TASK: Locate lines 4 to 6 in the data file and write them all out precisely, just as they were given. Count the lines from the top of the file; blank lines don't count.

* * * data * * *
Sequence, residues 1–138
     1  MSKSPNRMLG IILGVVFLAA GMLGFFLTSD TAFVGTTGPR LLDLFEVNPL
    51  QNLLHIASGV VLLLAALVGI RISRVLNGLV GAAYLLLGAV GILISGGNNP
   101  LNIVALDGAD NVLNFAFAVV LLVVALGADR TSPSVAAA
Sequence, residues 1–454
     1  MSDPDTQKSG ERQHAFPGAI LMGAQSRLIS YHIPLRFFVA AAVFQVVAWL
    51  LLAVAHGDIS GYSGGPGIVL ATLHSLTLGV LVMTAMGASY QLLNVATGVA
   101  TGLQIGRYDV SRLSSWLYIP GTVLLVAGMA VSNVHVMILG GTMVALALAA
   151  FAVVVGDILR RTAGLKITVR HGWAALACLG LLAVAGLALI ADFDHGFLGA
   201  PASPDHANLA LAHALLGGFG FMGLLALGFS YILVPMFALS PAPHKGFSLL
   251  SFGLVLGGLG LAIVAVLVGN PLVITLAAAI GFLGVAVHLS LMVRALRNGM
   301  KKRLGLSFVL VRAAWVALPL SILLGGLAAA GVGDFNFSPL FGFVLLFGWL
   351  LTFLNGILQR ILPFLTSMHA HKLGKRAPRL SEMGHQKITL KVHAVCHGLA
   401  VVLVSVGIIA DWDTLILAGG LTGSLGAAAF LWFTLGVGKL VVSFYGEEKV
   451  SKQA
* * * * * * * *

   101  LNIVALDGAD NVLNFAFAVV LLVVALGADR TSPSVAAA
Sequence, residues 1–454
     1  MSDPDTQKSG ERQHAFPGAI LMGAQSRLIS YHIPLRFFVA AAVFQVVAWL